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This sentence is an excerpt from https://www3.nhk.or.jp/news/easy/k10012813311000/k10012813311000.html

京都大学の西浦博教授は、東京都でこれから新しいコロナウイルスうつる人どのように変わるか計算しました。

Is my understanding correct?

  1. うつる人が is the subject of the intransitive verb 変わる, so it must take が
  2. 新しいコロナウイルスが is the subject of the relative clause, and so it also must take が?

So essentially this sentence can be loosely translated as: Professor Hiroshi Nishiura from Kyoto University has calculated how people who will become infected with new corona virus will change in Tokyo from now on?

:S

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There are nested clauses, and that's why there are two が's. To break down:

  • 新しいコロナウイルスは人にうつる。
    The novel coronavirus infects people.
    (Note that うつる is an intransitive verb in Japanese)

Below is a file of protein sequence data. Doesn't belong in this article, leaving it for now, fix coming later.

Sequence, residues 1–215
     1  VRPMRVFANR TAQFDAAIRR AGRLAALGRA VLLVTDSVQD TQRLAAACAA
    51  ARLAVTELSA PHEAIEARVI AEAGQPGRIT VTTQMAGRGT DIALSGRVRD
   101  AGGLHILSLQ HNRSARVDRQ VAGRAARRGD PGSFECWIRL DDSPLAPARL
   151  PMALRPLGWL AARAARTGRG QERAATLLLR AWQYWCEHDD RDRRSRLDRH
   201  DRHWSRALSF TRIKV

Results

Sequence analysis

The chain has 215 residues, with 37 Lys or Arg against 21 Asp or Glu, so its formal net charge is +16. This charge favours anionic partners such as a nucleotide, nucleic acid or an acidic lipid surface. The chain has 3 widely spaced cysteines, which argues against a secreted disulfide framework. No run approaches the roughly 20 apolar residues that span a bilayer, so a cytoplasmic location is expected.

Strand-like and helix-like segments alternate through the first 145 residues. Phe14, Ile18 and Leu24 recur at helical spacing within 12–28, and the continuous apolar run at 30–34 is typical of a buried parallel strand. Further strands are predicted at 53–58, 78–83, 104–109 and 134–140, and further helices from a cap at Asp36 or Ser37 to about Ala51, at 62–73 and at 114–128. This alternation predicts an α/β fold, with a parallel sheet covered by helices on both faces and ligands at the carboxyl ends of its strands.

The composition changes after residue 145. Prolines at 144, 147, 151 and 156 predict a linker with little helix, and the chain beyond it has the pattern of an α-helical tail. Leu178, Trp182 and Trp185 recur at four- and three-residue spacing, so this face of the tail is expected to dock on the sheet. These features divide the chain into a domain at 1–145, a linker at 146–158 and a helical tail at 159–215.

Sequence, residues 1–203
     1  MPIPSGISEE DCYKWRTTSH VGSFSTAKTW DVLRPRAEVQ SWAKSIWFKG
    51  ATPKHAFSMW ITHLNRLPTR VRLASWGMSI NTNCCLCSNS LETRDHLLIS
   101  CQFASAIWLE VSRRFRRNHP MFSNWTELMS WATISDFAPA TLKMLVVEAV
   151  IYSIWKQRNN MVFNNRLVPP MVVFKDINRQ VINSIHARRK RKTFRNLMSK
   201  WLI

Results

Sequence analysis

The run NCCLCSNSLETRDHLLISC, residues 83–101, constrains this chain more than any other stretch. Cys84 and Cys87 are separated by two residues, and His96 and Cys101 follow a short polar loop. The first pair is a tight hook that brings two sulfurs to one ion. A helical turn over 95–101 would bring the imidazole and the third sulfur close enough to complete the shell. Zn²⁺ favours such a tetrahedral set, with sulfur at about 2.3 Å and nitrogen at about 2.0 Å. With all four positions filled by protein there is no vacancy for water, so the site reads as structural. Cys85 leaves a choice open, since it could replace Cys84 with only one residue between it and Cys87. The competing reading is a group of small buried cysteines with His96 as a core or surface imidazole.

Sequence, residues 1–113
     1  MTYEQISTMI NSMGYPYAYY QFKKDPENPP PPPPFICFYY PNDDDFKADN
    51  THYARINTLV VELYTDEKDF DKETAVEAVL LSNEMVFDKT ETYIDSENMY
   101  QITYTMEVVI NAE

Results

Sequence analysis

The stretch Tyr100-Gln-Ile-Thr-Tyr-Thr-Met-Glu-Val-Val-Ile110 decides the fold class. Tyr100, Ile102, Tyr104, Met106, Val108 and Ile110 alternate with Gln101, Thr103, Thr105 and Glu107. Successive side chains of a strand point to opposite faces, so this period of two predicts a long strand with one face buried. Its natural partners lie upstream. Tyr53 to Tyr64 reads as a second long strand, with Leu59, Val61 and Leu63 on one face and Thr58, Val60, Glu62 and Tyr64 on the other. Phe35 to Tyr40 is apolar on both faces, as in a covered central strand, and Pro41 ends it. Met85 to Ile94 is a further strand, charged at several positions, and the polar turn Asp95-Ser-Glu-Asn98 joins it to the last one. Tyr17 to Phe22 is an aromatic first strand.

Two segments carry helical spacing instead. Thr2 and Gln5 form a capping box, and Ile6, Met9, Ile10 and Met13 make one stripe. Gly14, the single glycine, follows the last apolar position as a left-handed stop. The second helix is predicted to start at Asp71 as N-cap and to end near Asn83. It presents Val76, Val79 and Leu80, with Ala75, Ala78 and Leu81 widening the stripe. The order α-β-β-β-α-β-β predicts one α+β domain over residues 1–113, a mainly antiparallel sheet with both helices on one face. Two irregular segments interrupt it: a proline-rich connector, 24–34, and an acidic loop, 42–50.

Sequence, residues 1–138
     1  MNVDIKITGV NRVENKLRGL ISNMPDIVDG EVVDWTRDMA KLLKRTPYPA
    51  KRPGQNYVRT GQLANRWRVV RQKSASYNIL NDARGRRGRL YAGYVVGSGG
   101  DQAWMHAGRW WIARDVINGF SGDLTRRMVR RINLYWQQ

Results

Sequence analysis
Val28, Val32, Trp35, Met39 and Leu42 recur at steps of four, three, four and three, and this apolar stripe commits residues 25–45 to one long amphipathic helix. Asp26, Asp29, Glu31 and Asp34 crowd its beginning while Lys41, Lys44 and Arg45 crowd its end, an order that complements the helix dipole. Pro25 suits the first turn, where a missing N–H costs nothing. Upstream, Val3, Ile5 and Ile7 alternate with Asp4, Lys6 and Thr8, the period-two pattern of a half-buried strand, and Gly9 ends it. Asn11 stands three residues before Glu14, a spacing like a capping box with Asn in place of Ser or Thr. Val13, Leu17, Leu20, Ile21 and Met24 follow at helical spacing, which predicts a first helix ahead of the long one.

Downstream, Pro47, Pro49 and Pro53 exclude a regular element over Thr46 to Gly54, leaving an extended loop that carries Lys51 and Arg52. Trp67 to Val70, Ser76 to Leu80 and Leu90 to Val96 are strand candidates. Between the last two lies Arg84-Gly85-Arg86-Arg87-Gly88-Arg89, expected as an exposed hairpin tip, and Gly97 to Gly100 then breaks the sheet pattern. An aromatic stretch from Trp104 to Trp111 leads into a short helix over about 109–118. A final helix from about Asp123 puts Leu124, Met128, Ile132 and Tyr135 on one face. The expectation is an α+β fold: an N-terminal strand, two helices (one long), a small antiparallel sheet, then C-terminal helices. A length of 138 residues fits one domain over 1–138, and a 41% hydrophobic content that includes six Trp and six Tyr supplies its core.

• 新しいコロナウイルスがうつる人
    people which the novel coronavirus infects
    (Simple relative clause)

    → people infected by the novel coronavirus

  • 新しいコロナウイルスがうつる人(の数)がどのように変わるか
    how the (number of) people infected by the novel coronavirus changes

Judging from the remaining part of the article, this sentence is clearly about the change in the number of (infected) people, not the change of people themselves. I don't know why the text said 人がどのように変わるか ("how people changes") instead of 人の数がどのように変わるか ("how the number of people changes"). Sometimes this "easy" news from NHK omits words a little too aggressively...

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  • Hey Naruto, I actually did interpret it as "the number of people" (I guess my brain just filled in the gaps). The one thing I do worry about with these easy NHK articles is that it really isn't natural at all, but I think the original articles are too complicated for me at the moment :s Bit of a catch 22. – Luke McAloon Jan 18 at 6:59

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